MBA: Second Quarter Foreclosure Starts at Lowest Level Since 1987


The delinquency rate on one-to-four-unit residential properties fell to a seasonally adjusted rate of 4.36% as of the end of the second quarter, down 27 basis points from the 4.63% previous quarter, but up 12 basis points from 4.24% in the second quarter of 2017, according to the Mortgage Bankers Association’s (MBA) National Delinquency Survey.

The 30-day delinquency rate dropped two basis points from the previous quarter, while the 60-day and 90-day delinquency buckets dropped by eight and 18 basis points respectively.

The delinquency rate for conventional loans decreased 33 basis points over the previous quarter to 3.45%. The delinquency rate on FHA loans fell by 32 basis points to 8.70% and the delinquency rate on VA loans fell by 35 basis points to 3.97%.

Year-over year, the delinquency rate for conventional loans dropped by two basis points, while the FHA delinquency rate increased by 76 basis points and the VA delinquency rate increased by 25 basis points.

The percentage of loans on which foreclosure actions were started was 0.24%, down 0.4 percentage points to reach the lowest level since the second quarter of 1987.

The percentage of loans in the foreclosure process at the end of the second quarter was 1.05%, down 11 basis points from the first quarter and down 24 basis points compared with a year earlier.

It was the lowest foreclosure inventory rate since the third quarter of 2006.

“We continue to see improvement in the overall mortgage delinquency rate as the impact of the hurricanes from one year ago lessens, particularly for conventional loans,” says Marina Walsh, vice president of industry analysis at MBA, in a statement. “Among the various loan types, the delinquency rate for conventional loans was two basis points lower than one year ago, prior to the hurricanes. While delinquencies for both FHA and VA loans were up from one year ago, they were improved over the previous quarter.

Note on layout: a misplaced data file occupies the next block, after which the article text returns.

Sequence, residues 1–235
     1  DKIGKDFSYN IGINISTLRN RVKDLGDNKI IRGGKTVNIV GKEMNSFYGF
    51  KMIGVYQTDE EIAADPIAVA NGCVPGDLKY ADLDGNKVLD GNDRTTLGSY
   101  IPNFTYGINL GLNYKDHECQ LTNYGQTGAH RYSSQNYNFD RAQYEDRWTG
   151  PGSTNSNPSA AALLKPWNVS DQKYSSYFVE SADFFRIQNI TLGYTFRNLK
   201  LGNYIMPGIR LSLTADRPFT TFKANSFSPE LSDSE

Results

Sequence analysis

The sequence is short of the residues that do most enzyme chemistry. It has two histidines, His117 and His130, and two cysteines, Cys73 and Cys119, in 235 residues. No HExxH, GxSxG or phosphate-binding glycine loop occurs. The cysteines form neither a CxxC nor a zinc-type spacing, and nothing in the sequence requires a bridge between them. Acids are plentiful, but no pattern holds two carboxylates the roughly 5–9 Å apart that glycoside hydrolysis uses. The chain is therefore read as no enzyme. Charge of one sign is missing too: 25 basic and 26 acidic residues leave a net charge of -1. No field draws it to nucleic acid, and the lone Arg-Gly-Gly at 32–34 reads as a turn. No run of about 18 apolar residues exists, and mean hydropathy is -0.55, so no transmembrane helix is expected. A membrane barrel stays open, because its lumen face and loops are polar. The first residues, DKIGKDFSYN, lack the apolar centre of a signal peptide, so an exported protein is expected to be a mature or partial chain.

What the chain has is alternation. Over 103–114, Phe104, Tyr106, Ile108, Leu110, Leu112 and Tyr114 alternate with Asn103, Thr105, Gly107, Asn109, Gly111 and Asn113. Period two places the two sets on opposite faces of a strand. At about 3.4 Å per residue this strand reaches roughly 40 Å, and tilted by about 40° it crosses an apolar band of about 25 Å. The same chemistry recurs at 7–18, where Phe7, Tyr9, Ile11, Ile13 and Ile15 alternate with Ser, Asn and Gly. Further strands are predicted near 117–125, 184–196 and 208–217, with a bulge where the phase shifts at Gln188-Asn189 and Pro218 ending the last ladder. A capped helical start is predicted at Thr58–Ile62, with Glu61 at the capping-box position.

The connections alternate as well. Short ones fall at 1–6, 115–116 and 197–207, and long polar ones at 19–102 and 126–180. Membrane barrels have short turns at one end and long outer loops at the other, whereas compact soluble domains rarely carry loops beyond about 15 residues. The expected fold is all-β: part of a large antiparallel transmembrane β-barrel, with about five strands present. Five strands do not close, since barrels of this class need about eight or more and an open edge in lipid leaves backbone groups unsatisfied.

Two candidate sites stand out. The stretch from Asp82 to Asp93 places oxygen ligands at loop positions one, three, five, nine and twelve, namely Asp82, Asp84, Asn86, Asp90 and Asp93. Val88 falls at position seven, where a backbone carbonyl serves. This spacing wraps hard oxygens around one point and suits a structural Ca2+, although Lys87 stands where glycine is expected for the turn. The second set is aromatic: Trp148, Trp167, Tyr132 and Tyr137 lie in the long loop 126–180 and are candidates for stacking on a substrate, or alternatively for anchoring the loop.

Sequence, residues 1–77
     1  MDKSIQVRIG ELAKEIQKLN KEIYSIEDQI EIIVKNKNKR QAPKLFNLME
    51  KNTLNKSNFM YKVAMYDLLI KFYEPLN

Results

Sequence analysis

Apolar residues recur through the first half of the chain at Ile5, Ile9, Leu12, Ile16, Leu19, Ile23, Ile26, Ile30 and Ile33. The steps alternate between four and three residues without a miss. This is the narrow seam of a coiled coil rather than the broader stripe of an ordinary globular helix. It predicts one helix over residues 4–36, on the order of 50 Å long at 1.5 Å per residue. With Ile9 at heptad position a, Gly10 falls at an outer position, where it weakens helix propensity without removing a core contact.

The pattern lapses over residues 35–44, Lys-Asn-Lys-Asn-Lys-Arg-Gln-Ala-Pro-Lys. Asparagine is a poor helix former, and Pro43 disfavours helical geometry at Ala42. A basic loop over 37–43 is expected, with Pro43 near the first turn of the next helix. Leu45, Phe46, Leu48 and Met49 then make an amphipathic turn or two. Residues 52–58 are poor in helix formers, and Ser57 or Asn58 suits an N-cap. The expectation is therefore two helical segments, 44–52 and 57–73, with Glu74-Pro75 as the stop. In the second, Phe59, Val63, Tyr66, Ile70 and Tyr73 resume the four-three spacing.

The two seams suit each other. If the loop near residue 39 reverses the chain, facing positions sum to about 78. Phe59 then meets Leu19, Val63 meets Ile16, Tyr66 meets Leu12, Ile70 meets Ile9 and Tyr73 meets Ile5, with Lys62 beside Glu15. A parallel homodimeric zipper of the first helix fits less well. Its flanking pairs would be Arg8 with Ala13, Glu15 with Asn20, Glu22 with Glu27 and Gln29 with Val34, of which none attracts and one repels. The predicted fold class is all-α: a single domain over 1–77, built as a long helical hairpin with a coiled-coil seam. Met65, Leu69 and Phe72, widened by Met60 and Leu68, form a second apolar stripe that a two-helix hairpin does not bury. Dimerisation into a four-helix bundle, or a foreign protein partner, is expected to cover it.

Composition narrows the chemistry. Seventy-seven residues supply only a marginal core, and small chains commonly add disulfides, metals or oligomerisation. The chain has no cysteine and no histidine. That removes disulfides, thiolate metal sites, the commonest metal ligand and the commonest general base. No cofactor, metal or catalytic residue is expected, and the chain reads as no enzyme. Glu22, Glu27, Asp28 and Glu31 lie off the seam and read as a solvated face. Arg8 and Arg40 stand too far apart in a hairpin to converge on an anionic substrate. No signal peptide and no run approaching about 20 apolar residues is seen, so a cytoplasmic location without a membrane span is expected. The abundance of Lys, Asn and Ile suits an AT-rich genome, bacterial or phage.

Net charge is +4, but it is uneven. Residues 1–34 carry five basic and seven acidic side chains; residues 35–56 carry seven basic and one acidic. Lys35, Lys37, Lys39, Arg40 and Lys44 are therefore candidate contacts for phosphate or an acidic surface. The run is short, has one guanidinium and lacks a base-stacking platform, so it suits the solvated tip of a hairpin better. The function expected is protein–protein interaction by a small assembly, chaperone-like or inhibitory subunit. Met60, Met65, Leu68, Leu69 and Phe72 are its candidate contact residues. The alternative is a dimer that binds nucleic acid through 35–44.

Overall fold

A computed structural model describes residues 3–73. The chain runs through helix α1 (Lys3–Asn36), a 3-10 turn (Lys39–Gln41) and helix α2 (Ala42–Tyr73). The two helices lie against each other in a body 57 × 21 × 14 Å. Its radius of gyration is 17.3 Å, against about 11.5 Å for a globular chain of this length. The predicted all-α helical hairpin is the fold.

“The economic outlook continues to support good loan performance,” Walsh adds. “Gross domestic product grew at a 4.1 percent rate, the unemployment rate was at an 18-year low, and job growth is averaging over 210,000 jobs per month, so far this year. This means the economy is close to full employment.”

Walsh points out that natural disasters such as the wildfires in California could have a negative impact on the overall delinquency rate.

Other factors include the aging of servicing portfolios as mortgage refinances slow and the changing credit quality among certain loan types.

The report shows that delinquencies continue to decrease in Texas and Florida in the wake of the fall hurricanes – albeit at a slower pace.

The FHA non-seasonally-adjusted mortgage delinquency rate in Texas was 10.53% in the second quarter, compared to 9.56% one year earlier.

In Florida, the non-seasonally-adjusted FHA mortgage delinquency rate was 9.01%, compared to 6.16% one year earlier.

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